Hello! Welcome to Lyncredible's digest for the week.
Here are the blog posts I wrote this week.
A list of just the links:
And the full content of all the posts, if you want to
read everything in this email.
I spend a ton of time in 1:1 meetings. I meet with my team members weekly, including people I support and peers on my first team. I have bi-weekly syncs with engineering managers from adjacent teams, and I do monthly checkins with a bunch of other folks. I easily spend more than 10 hours every week between attending these meetings and preparing for them. My feelings of how my week goes are largely predicated on the effectiveness of my 1:1 meetings.
Effective, not efficient
You can only be effective with people. You can never be efficient with people. That was the first words of wisdom that Jay Shirley shared with me, and I feel so fortunate to work with him.
As an engineer, I tend to focus on efficiency, which means doing more things with fewer resources. Therefore, I had this innate impulse to optimize my 1:1 meetings when I first became a manager. That was especially true because I spent so much time on them. I wanted to get more things done with less time, but I found it challenging to apply the same mindset. It turned out that, unsurprisingly, people were different from computers.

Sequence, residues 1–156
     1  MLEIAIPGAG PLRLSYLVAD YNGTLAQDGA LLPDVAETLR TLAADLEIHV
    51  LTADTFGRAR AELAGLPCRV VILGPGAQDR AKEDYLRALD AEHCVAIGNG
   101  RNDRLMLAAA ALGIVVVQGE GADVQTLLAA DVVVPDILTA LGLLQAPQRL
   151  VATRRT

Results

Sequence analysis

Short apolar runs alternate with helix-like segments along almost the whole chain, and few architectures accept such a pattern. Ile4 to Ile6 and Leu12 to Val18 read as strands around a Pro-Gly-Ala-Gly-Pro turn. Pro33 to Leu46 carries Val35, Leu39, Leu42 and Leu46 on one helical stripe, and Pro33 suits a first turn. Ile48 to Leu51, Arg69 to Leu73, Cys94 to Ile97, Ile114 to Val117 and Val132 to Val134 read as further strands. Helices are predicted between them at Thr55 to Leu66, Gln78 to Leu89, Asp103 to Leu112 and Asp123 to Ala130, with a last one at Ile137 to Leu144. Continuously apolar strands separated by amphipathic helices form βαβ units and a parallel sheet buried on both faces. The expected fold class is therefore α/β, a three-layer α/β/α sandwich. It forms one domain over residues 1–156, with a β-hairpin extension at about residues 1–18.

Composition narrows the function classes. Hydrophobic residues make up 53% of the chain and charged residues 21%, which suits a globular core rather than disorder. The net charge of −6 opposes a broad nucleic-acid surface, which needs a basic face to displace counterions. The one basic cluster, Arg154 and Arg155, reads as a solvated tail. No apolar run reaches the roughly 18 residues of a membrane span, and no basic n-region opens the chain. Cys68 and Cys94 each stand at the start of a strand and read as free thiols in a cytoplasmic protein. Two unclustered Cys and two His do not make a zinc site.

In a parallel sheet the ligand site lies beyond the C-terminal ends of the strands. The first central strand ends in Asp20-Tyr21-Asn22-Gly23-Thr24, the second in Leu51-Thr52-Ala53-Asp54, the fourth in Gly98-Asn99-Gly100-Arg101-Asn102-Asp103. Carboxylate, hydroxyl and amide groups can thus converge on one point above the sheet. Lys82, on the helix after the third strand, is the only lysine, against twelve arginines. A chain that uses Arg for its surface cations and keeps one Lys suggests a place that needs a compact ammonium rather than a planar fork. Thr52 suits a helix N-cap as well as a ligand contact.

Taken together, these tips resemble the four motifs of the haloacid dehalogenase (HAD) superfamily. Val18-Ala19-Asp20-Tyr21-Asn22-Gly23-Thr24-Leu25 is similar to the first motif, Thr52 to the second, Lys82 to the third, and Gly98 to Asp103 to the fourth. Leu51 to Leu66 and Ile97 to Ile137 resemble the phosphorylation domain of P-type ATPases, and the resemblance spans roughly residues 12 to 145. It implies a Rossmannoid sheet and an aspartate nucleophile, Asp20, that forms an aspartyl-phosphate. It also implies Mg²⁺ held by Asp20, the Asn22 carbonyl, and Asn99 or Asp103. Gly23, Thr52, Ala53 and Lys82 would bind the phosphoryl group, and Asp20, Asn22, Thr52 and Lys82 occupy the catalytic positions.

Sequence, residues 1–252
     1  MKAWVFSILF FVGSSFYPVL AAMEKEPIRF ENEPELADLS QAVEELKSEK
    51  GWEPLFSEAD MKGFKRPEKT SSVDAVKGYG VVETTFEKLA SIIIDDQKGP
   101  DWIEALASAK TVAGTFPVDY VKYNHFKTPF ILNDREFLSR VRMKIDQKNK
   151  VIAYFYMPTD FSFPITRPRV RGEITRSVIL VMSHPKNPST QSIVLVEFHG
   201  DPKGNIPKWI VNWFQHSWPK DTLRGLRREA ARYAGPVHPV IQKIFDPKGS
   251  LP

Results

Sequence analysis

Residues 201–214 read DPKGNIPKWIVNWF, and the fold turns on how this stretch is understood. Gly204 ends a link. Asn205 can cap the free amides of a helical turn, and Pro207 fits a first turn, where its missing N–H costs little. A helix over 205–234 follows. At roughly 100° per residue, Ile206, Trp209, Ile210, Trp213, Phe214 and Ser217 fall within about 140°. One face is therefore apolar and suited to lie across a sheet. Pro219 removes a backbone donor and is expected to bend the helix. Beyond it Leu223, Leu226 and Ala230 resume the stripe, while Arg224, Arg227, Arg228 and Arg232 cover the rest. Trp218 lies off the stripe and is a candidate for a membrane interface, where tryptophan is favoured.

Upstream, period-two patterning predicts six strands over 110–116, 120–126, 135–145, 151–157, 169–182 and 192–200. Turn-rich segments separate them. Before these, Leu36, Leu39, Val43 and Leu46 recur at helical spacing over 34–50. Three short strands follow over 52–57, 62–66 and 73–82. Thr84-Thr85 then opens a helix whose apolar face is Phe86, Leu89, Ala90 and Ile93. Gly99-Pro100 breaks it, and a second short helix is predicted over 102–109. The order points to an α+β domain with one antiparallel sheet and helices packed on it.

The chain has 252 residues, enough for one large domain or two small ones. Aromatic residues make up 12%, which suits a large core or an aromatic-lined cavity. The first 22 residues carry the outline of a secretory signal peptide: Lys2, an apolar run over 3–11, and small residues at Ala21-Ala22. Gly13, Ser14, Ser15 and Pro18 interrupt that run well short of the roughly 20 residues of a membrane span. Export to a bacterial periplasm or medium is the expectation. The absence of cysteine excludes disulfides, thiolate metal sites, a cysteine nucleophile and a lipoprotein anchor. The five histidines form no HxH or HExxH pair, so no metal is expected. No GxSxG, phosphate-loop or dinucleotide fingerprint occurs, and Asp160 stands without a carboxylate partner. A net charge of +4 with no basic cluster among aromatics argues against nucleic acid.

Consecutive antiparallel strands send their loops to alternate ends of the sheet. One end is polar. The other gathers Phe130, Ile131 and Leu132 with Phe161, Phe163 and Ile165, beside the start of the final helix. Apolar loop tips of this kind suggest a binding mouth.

Huge was the mindset shift to have effective, but not necessarily efficient 1:1 meetings. I started out having 50-minute 1:1s with my team, thinking that I could shorten them to 25-minute ones once we built mutual trust. I was wrong. We did build mutual trust, but the length of the 1:1 meeting should not be decided by how much we knew each other. Instead, it should be long enough so that we could have effective, sometimes insignificant conversations. After having that realization, I no longer optimize for shorter 1:1 meetings. I am so much happier.
I also learned to leverage 1:1 meetings to roll out policy changes iteratively. Take the Project Buddy as an example. It took us four rounds of 1:1s to roll out. I spent time with my team members to brainstorm about the problem space, to socialize the idea of Project Buddy, to discuss the initial trial, and to eventually ask for commitment. A month was probably not efficient by usual standards, but I believed this was an effective way to build rapport and resolve frictions. At the end of the day, a one-on-one meeting is the safest place for people to share disagreements and critical feedbacks.
I crave structures. I need tools to organize myself, more so for 1:1 meetings where I spend a lot of time. I would feel overwhelmed if I did not prepare, and my week would be predictably awful in that case. Below are some tools I have learned over time to help me be happier and more effective:
- Up-to-date recurring calendar invites with an adequately sized room and/or video conferencing setup. The calendar entry should be modifiable by both parties.
- Separate yet overlapped calendar invites as reminders to have career conversations. I prefer to have them once every month while doing weekly 1:1s with my team. This does not apply to 1:1s with other people.